The Columbus council approved $55,700 for Waggoner Engineering to perform a community needs assessment during a Dec. 28 special-call meeting at City Hall.
The assessment is the first step toward requesting matching funds from the Legislature for the city’s American Recovery Plan Act projects.
The council hired Waggoner last week as its consultant for spending $5.6 million it will receive in federal ARPA money meant to help local governments recover from the COVID-19 pandemic.
ARPA funds may be used for public health response to the pandemic, offsetting negative economic impacts, public housing assistance, public sector revenue loss, premium pay for essential workers and water, sewer and broadband infrastructure. Funds must be committed by Dec. 31, 2024 and spent by Dec. 31, 2026.
City Attorney Jeff Turnage said that, going forward, Waggoner will submit “task orders” to the city outlining work they think needs to be done, and the council can vote on each individually.
The first task order was a community assessment, with a cost of $55,700 to be paid out of the ARPA funds themselves.
Waggoner Engineering President and Board Chairman Emad Al-Turk explained that, due to the legislative session beginning next week, the normally 60-day assessment will be crunched to 45 days.
“We need to start working on a request (for the state) to match the city’s ARPA funds,” he said. “The first step is to develop a very quick needs assessment to see what areas are eligible and see what, from a policy perspective, you want to spend funds on. Then we need to develop a funding strategy on how we can match those needs with county and state resources.”
Next week a team of engineers from Waggoner will meet with city department heads and the planning department to get an idea of priorities, Al-Turk said.
They will tour the city and then the following week will meet one-on-one with the council members about the needs in their specific wards.
“Once we figure out your constituents’ needs, we will figure out what is eligible under the ARPA requirements,” he said.
A project list will be developed, along with a proposed budget, he said.
“Some will include drainage, some will include community facilities,” he said. “I’m sure the budget will far exceed the $5 million you have from ARPA, so the challenge is going to be how we can maximize this.”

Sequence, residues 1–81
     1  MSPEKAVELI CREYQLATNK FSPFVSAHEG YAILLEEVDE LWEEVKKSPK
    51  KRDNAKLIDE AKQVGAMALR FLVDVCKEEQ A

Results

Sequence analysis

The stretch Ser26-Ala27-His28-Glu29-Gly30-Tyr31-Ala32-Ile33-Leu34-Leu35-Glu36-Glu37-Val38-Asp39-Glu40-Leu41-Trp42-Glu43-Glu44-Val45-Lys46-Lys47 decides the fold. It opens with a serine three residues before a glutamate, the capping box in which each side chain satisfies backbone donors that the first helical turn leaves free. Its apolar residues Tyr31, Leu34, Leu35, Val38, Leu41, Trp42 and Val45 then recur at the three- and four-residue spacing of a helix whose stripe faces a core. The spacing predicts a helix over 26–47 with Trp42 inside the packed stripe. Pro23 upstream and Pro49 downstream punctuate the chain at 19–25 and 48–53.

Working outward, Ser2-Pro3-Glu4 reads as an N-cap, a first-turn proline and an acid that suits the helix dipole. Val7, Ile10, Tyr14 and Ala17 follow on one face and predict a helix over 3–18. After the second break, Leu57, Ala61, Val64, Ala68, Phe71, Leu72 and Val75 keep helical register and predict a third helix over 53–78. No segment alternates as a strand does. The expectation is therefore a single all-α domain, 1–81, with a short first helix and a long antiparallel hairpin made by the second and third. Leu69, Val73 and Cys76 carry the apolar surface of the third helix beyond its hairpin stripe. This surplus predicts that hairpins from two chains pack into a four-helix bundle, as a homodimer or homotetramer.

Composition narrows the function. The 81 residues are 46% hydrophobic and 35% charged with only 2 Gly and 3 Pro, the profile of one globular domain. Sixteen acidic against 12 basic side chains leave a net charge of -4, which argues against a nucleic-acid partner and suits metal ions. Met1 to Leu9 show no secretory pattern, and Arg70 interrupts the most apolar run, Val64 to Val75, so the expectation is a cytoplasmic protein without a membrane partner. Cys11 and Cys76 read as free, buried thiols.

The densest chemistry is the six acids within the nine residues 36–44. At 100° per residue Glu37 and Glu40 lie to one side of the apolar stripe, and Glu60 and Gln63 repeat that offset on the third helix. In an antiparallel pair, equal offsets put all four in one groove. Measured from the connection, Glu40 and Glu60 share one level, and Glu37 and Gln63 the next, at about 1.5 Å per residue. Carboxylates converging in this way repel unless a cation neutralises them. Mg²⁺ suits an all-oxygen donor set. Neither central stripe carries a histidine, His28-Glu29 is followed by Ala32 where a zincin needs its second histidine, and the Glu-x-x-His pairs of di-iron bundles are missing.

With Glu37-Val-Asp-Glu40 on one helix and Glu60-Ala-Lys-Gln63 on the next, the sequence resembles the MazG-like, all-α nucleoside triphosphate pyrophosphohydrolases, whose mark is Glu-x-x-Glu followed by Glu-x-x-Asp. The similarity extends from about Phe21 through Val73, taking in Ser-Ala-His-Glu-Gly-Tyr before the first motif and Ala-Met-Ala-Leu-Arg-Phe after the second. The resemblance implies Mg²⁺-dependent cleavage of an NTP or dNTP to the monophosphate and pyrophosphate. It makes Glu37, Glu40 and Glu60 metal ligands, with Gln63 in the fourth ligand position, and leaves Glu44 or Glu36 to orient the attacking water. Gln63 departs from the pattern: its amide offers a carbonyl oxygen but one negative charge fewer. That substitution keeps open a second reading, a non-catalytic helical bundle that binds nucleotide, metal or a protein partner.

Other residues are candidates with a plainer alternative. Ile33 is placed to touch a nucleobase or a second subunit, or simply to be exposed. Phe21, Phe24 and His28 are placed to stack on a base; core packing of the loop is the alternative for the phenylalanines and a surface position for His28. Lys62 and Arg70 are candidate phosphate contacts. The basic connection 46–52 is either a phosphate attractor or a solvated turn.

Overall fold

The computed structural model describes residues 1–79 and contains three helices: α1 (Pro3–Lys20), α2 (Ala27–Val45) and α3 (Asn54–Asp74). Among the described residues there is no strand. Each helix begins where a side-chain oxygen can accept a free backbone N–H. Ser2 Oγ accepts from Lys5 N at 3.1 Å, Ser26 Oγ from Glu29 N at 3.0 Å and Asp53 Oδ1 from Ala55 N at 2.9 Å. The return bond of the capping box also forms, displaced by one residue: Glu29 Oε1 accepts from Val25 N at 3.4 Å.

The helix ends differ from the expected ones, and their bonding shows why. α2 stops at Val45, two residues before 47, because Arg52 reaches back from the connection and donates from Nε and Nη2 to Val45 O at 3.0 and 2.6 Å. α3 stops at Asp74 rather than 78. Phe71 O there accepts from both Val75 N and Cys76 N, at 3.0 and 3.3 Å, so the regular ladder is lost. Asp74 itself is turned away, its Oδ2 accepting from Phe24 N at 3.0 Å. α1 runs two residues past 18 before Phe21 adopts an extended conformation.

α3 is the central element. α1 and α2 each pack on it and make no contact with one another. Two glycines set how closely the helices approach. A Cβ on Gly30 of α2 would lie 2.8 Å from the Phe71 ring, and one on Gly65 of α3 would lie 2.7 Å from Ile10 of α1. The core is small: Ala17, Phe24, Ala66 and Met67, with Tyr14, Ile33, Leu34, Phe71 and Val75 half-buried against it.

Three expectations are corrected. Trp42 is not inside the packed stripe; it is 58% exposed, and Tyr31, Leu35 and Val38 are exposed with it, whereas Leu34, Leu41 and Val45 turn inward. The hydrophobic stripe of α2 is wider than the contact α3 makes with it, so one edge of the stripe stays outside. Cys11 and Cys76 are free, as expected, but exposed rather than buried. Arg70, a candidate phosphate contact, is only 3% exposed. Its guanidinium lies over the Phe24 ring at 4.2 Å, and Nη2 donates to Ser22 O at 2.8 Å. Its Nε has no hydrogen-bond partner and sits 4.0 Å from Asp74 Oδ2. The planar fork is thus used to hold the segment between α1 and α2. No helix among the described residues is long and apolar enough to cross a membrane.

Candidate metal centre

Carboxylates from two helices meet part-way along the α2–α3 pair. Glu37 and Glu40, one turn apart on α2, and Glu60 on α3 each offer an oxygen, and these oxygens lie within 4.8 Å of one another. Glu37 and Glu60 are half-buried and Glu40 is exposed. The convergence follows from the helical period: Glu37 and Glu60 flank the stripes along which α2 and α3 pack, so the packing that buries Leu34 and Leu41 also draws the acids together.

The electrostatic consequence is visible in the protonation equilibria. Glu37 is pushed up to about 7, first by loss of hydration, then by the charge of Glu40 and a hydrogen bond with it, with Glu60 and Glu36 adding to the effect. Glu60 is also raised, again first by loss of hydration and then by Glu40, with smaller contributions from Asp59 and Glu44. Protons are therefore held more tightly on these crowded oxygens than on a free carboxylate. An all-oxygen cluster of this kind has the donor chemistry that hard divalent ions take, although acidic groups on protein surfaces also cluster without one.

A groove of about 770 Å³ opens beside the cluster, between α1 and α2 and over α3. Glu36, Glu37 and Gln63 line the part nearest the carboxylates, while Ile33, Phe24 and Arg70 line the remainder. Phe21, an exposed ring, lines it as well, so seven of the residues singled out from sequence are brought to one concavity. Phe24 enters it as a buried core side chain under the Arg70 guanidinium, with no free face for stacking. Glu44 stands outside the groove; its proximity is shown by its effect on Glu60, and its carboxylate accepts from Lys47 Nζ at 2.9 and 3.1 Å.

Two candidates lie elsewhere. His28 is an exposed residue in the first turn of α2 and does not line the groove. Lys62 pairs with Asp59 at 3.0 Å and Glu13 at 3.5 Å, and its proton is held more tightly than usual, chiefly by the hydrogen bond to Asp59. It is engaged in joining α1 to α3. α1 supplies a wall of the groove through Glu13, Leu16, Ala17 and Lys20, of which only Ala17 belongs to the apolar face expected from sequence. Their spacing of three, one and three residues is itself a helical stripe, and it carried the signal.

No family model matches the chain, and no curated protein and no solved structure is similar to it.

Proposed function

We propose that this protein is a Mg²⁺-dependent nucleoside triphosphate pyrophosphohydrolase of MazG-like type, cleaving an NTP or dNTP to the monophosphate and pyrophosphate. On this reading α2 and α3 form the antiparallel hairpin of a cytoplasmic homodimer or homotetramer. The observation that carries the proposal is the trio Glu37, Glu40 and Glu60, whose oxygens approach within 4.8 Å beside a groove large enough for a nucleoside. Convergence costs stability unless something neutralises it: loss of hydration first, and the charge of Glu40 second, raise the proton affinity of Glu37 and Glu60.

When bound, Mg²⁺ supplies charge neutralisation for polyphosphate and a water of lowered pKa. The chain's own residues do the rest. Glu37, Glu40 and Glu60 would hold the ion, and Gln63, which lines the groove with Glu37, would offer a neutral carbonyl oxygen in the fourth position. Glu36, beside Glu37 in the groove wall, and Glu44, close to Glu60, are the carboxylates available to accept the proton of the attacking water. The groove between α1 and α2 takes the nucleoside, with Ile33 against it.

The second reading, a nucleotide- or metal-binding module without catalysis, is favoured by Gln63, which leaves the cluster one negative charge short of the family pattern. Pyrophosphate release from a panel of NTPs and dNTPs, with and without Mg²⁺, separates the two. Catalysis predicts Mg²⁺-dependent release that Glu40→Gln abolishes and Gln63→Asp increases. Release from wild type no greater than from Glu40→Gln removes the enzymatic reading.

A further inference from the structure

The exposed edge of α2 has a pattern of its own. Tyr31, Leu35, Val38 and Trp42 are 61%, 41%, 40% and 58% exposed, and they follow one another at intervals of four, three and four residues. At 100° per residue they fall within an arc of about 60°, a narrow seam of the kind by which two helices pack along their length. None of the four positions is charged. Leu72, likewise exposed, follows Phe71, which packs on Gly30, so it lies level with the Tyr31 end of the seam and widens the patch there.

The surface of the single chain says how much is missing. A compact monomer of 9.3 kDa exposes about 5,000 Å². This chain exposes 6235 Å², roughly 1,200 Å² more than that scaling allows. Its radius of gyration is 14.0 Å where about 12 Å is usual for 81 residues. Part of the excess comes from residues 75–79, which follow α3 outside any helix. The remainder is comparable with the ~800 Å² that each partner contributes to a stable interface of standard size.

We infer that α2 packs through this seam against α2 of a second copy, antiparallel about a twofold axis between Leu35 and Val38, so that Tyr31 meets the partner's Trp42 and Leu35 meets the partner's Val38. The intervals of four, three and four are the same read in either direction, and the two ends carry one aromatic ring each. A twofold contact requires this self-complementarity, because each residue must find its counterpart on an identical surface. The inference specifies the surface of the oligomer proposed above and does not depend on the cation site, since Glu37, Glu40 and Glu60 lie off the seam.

Al-Turk said he hoped to have a list of projects the city could take to Jackson by late January or early February. He said he expects the Legislature will likely finalize its appropriations by the end of March.
Drainage, other needs
Mayor Keith Gaskin asked about watershed and drainage work, and Al-Turk said that would be a matter best approached in tandem with the Lowndes County Board of Supervisors.
“Some of the problems you have (with drainage) are because of lack of maintenance, and some are because of lack of funding,” he said. “Your infrastructure is deteriorating due to age. Some of it is because of things beyond your control and is coming from outside of your area. Water does not know political boundaries, so this would be an ideal” joint project with the county.
Al-Turk said Waggoner intended to meet with the supervisors to “try to convince them that this is a good investment for the city, the county and the citizens.”
The watershed plan had a price tag of $520,000 and would take about five months, according to documentation Al-Turk provided. It could be fully funded with ARPA money.
He also provided a list of suggested next steps, each with its associated price tag: Updating the comprehensive plan, nine months and $125,000, 60-80 percent fundable with ARPA money; a $95,000 efficiency and effectiveness study, which would take three to four months and could be funded 40-60 percent via ARPA; preparation of state and federal grant applications at a cost of $125,000 per year; ARPA compliance reporting, which would be ongoing until Dec. 31, 2026, and would cost 5 percent of the total ARPA funding received; and a $195,000 transportation plan, which would take a year and currently cannot be funded via ARPA, which does not currently allow transportation spending. Al-Turk said a bill passed by the U.S. Senate and currently in the House may change that.
“Every time they come back with one of these steps, we would have to approve it,” Gaskin said. “That’s when we would discuss where the funding is coming from for that. We’re going to be looking to see where we can get the biggest bang for our buck as we move down the priority list for the city.”
“We are squeezing all of this in a very short period of time because other communities have been planning for six, seven, eight months,” Al-Turk said.
“Unfortunately we are beginning our work as the legislative session is beginning. It will put a lot of pressure on us, but we will do everything in our power.”
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